January 03, 2003

Puerto Chicama Peru to 25 de Mayo Argentina

We spent two nights in the beach town of Puerto Chicama with Peter and Kay Forwood. During the full day we spent at the beach we all went for a ride on the beach. Unfortunately we decicided to head down wind of the fish processing plant and after only a few miles Todd and I decided that the stink was too much to put with so we headed back to the hotel to give our bikes some TLC. A few hours later the Forwood's Harley showed up being towed by a 125cc three wheeler which was quite a site to see. It tuns out that their much abused drive belt finally broke after 60k miles. While seeing that giant piece of iron being hauled by a 125cc bike was pretty funny you've got tip your hat to a bike with over 200k hard miles on it and I know for a fact that my chain and sprockets wouldn't last a 1/3rd as long as that drive belt as my chain was starting to stretch at an alarming rate.

The following day was the day that Todd and I had decided to split up and while riding out of Chicama into Trujillo we ran into the 3 French Amigos who left New York city only a few days after we left Virginia. So while Todd would be deprived of the company of half a Frenchman I felt confident leaving him in the company of three full blooded ones. After splitting with Todd I got into mile munching mode and rode close to 500 miles from Trujillo to someplace south of Lima. I had read many warnings about the cops around Lima and true to form I got waved over and was informed that I was breaking umpteen traffic laws (ok,ok, so I was breaking umpteen traffic laws you got a problem with that?!) after being informed that the book was about to be thrown at me it was suggested that I just buy the two fine upholders of law and order dinner and all would be forgotten. So for 20 Nuevo Soles (approx 5 dollars) I was on my way. I found the whole experience rather amusing and since it's the cheapest speeding ticket that I've ever gotten I didn't mind in the least.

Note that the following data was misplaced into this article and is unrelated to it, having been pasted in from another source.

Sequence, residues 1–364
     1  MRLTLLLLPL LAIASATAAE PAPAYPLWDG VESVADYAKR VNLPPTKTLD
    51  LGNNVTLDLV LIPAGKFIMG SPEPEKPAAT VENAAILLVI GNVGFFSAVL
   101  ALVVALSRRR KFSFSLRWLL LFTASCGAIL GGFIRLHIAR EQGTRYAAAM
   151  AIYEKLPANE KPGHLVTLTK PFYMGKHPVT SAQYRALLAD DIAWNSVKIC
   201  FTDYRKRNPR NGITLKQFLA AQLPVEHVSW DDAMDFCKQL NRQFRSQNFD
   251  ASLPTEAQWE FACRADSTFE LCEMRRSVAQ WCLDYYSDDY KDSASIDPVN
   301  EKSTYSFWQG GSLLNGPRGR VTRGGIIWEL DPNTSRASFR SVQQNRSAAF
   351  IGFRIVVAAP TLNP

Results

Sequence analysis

Not having a map of Peru I  figured it was only another 500 miles to Cusco so I planned on making it there that night and headed out early in the morning with my sights on the horizon. Things went great until I got off the PanAmerican and starting heading into the mountains to Cusco. After 50 miles or so of non stop switchbacks climbing from sea level to 13k feet the clouds closed in and starting dumping some bone chilling rain upon me. So after only 300 miles half of which where on seriously twisty roads in less then ideal conditions my only thought was to find shelter for the evening so I could stop shivering. After spending the night in a tiny little town in a tiny little hostal I got an early start for the last a300+ miles to Cusco approx. 100 of which where dirt or construction. while the early part of the day had me riding across the Alto Plano (aka High Plain) at over 15k feet in near freezing temperatures I spent most of the day following a valley which ran most of the way to Cusco which provided me with some much welcome warmth as well as beautiful scenery. While I thought I had arrived in Cusco in good order it only took a few minutes for me to realize that I was sick as a dog. I had originally planned on spending two nights in Cusco so that I would have the chance to visit Machu Pichu but since I spent 24 hours of my 36 hours in Cusco sleeping I decided to skip the ruins and spend my few waking hours replacing my chain and sprockets and getting a new rear tire.